Excerpt: WHILE Nikon's D800 isn't a surprise - a replacement for the company's aging full-frame (FX) D700 was expected - the fact that it features the highest-resolution image sensor of any DSLR at this time certainly caused many Âeyebrows to lift. Gone is the modest 12-megapixel image sensor of the D700 and in its place is an all-new 36.3-megapixel FX image sensor, which is even higher in Âresolution than Nikon's upper-end D4's 16-Âmegapixel unit.
Pros: Amazing detail and resolution from the 36-megapixel sensor; camera body feels like it is built tough as a tank; stereo output for audio monitoring during video recording.
Cons: Top continuous shooting speed is only 4fps (or 5fps in DX crop mode); priced at a premium.
Conclusion: The Nikon D800 is a beast of a camera, an extraordinarily high-resolution land mine, strategically placed amid the abandoned battlefield of the megapixel war . The 36.3-megapixel sensor is easily the D800's greatest asset, making it one of the most flexible, enjoyable cameras we've ever shot with. Nikon made some sacrifices with such a high-resolution, but none that impact low-light performance.
Summary: Overall, the Nikon D800 is a good FX, full-frame sensor camera. It features video, and is still a quality professional DSLR. The technology is definitely aging, as evidenced by its ability to only shoot four images per second, but this Nikon helps reduce noise on high ISO shots, has an HDR feature built into the camera and has a 51-point AF system.
Pros: This camera has a wide ISO range and a superior AF point system when compared to other professional DSLRs.
Cons: HDR mode only takes two pictures instead of three. The dynamic range isn’t as great as it would be if you took three exposures.
Excerpt: Once in a long while, something comes along which changes the conversation entirely. Nikon's D800 camera comes with an unbelievably high resolution 36MP sensor - the highest yet in any DSLR. Find out what 36 megapixels really get you in this revolutionary new camera.
Summary: In many ways the Nikon D800 doesn't feel like a natural upgrade to the D700, but rather a new line in Nikon's full-frame DSLR line-up. While the D700 was a great all-round full-frame DSLR, the Nikon D800 is slightly more specialised - whereas the D700 was seen as a baby D3, the Nikon D800 could be seen as more of a baby D3X with even great resolving power.
Summary: The D800 isn't just about still image quality though. In the three and a half years since the D700, Nikon has greatly improved the video recording capabilities, bringing it much closer to Canon while boasting a few neat tricks its rival lacks. Indeed the D800 shares almost exactly the same video specifications as the flagship D4, while also inheriting its 51-point AF system, 91k metering sensor and 3.2in screen.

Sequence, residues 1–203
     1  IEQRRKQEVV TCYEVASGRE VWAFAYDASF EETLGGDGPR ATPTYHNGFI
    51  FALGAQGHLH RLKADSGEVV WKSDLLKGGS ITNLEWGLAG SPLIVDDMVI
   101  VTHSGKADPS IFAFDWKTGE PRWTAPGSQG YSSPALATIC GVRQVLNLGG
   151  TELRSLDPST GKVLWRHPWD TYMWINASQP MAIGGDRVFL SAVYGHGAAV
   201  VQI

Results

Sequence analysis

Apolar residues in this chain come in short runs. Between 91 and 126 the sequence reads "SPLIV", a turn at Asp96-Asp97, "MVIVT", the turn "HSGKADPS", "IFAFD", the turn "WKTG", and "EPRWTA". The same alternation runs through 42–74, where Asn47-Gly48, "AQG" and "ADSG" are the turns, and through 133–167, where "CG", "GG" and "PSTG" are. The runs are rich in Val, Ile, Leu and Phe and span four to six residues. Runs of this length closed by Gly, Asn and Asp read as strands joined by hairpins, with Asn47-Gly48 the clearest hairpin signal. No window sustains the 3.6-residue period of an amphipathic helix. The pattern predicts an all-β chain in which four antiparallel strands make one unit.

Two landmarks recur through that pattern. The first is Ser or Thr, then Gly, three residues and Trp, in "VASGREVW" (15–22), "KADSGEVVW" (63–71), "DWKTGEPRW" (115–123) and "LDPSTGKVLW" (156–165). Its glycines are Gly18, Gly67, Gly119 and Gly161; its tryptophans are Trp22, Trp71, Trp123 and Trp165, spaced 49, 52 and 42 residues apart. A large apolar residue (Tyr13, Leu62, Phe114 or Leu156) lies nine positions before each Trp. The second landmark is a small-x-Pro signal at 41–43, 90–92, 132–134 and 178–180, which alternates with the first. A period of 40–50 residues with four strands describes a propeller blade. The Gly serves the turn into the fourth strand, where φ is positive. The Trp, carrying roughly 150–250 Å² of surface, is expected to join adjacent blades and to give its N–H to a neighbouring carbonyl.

Pros: Unrivalled quality from a DSLR. Incredible detail and low noise., Good ergonomics, build quality and twin card slots., Large viewfinder with 100% coverage and detailed 3:2 screen., Built-in flash which can be used as wireless controller., Built-in interval timer, timelapse facilities and deep bracketing., Great movie features including clean HDMI output and 1.5x crop., Also available without anti-aliasing filter.
Cons: Excrutiatingly slow buffer flush times even with fastest cards., Modest continuous shooting speed and burst depth., No built-in Wifi or GPS. Both are expensive accessories., Movies and magnified Live View can suffer from moire., No articulated screen.
Summary: Nikon's 36-megapixel FX format DSLR provides benefits for many stills photographers plus very impressive video recording capabilities. Buy this camera if: - You really need all those pixels. - You want images with a wide dynamic range. - You want relatively noise-free high ISO settings. - You’re prepared to shoot and edit both JPEG and NEF.RAW images. - You need a DSLR that can produce broadcast quality video. - You have a suite of high-quality Nikkor lenses.
Pros: You really need all those pixels., You want images with a wide dynamic range., You want relatively noise-free high ISO settings., You’re prepared to shoot and edit both JPEG and NEF.RAW images., You need a DSLR that can produce broadcast quality video., You have a suite of high-quality Nikkor lenses. Buy this camera if:, You really need all those pixels., You want images with a wide dynamic range., You want relatively noise-free high ISO settings., You’re prepared to ...
Cons: You need high continuous shooting speeds., You're looking for a second body to run with an older Nikon pro DSLR. (Key controls in different positions mitigate against a smooth switch.), You're upgrading from a consumer level DSLR. Don’t buy this camera if :, You need high continuous shooting speeds., You're looking for a second body to run with an older Nikon pro DSLR. (Key controls in different positions mitigate against a smooth switch.), You're upgrading from a con...